"Bartering for Health"
In the course of one year, we had three cancer scares in my family. My mom (breast), my dad (colon), and me (skin). And three times, we got lucky.
Cancer diagnoses can go either way -- potentially life-threatening and life as you know it will never be the same again or completely treatable and you move on with your life.
Either way, no one wants to hear the “c” word.
With each of these scares, I made a “deal” with whichever Higher Power might have been listening and would handle such a request. I’d take my every day pain, I’d even take a stronger dose of my every day pain, to keep that “c” word from transforming from a vague scare to a harsh reality.
It’s a crazy kind of deal that implies I’ve got some sort of power and control, and that this higher power is just waiting, listening, and receptive to requests for such health-related barters.
In my mind, I knew what I was asking for. Daily pain doesn’t go away. Cancer eventually does -- in one way or another. Daily pain isn’t easily understood. Cancer is widely recognized. Daily pain brings you little, if any, sympathy. Tell someone your legs hurt; they’ll tell you about an ache or pain they have. Tell them you have an autoimmune disease, and most have no idea what that means. But mention the “c” word, and it’s an entirely different situation.
Cancer is ... cancer, after all. The dreaded. The feared. The avoid-at-all-costs. But, pain is just pain. You can live with pain. Walking with pain is still walking.
I don’t let my pain stop me from parenting my ten-year-old son, Ryan, the way I want to. I go outside and play handball because he asks me to. I navigate the obstacle courses Ryan sets up in the living room.
I take him on “dates” to museums, spending hours observing and exploring. Even though these activities cause me additional pain, I do them because I want to share these experiences with my son. I don’t let the pain stop me.
A friend of mine, a woman living with fibromyalgia, once told me that she didn’t know which she would have preferred -- a cancer diagnosis or a fibro diagnosis. She wasn’t trying to discredit cancer in any way; she was merely being honest that one disease isn’t automatically, necessarily, undoubtedly easier, better, or more desirable than another. Cancer, she said, is often much more quickly diagnosed than her fibro or my autoimmune disease, Undifferentiated Connective Tissue Disease. “With cancer,” she said, “there are things you can do. There are courses of action. And sometimes, many times, there are cures.”
There’s no cure for her fibro, and no cure for my autoimmune disorder.
My parents and I lived in a state of fear until we received the “all-clear.” I felt a superstitious need to hold my tongue, to stop myself from mentioning any pain or discomfort I experienced. I didn’t want my higher power hearing me whine or complain and then drop the boom. “If you think that’s bad, check this out,” I imagined him or her saying.
So I kept quiet, very aware that my situation could always be worse. And that my situation was on the verge of possibly getting much worse.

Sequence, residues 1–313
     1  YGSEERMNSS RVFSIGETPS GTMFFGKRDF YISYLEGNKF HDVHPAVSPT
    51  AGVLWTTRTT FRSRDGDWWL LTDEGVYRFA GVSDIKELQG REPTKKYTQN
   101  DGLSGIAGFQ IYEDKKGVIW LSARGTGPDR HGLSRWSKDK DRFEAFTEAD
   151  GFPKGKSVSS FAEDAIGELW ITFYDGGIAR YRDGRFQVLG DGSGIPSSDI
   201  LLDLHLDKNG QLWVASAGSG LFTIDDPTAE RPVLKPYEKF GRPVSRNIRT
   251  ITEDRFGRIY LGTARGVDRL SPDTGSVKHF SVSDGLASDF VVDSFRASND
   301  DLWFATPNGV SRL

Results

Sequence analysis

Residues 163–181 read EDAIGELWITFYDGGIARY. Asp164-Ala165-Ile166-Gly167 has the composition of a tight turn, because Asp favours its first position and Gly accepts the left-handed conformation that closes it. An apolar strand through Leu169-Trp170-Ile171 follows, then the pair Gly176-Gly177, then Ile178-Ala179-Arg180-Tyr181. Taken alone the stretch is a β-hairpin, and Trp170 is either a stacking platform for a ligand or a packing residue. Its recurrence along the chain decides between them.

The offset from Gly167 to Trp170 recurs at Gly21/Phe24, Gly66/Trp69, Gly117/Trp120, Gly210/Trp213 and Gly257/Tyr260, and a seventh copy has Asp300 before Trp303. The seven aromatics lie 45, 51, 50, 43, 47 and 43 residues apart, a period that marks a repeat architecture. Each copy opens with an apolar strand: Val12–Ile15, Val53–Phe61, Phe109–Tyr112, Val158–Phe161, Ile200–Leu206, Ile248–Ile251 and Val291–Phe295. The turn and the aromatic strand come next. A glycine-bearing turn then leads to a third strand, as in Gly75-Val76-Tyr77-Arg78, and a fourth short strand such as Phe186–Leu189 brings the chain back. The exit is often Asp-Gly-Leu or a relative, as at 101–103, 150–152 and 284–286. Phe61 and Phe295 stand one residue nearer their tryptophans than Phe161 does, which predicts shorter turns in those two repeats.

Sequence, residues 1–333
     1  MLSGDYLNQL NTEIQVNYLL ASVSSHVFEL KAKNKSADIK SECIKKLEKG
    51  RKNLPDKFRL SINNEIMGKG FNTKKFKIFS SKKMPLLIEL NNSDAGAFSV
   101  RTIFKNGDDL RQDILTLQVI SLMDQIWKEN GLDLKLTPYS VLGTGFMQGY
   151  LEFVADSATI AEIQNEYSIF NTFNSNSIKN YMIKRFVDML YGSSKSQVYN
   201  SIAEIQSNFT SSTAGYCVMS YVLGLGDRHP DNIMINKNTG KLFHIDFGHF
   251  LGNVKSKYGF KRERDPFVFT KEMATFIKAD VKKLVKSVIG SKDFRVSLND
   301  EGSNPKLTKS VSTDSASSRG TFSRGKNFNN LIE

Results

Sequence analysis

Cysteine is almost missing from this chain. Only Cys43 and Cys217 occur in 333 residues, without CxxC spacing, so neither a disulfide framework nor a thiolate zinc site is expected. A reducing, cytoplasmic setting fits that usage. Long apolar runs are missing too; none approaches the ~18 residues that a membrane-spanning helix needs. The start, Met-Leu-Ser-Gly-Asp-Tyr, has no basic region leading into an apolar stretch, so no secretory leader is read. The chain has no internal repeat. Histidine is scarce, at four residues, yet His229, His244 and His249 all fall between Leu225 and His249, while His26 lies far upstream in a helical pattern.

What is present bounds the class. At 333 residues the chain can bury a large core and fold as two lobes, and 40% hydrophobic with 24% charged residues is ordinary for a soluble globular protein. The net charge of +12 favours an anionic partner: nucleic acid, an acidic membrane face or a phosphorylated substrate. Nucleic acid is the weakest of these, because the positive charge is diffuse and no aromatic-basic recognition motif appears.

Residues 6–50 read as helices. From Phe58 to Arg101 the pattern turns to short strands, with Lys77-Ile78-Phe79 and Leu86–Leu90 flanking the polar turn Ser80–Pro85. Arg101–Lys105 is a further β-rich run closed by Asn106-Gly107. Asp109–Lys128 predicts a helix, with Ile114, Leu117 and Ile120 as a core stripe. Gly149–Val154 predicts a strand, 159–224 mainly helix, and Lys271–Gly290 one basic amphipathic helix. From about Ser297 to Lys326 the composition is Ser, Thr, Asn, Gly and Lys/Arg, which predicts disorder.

Some times I feel gratitude for my autoimmune disease. It could be much more debilitating. I could be confined to a wheelchair. I could be unable to drive myself. I could be dying.
Instead, I’m functioning. Ryan may find me crying on the stairs as I struggle to reach his second-floor bedroom. My son may see me icing my knees after we’ve ridden our bikes. But the most important thing is that my son is seeing me every day. I’m actively engaged with him each day. I’m taking him and picking him up from school. Helping with homework. Preparing dinner.
And yet there are times when I think my life might be easier if my medical situation was worse. If I looked disabled, if I used a cane or a walker, then there would be an understanding for my slowness, a bit of space left around me as I stood in line at the post office or waited on the playground for my son to be dismissed from class.
After our cancer-scare finally ended, it brought with it a series of unanswered questions. How did we get lucky when others don’t? Did my higher power grant me a reprieve of sorts, figuring I already had enough to deal with without throwing a positive cancer diagnosis into the mix?
I don’t know the answers to those questions. All I know is that the three of us were declared cancer-free. But the fear is still there. Every time I lie down for an MRI of my legs, every time my breasts are flattened like a pancake, every time my moles are measured.
I’ve always feared cancer. My maternal grandmother lost her breasts to cancer, so I know the scales of justice are already tipped. But my fear always seemed like a distant possibility, like the way I think about a freeway accident before beginning our family drive up to the Central Coast, or check the news when a close friend is flying to London to visit her family.
But since my autoimmune disease diagnosis, all these fears are much more real.
It’s not that bad things could happen. Bad things do happen.
I know that no amount of bargaining, pleading, or bartering can change the final result.
But it doesn’t stop me from trying.
Wendy Kennar is a writer who finds inspiration in her son and from the memories and experiences of her twelve-year teaching career. Her writing has appeared in a number of publications and anthologies, both in print and online. You can read more from Wendy at www.wendykennar.com.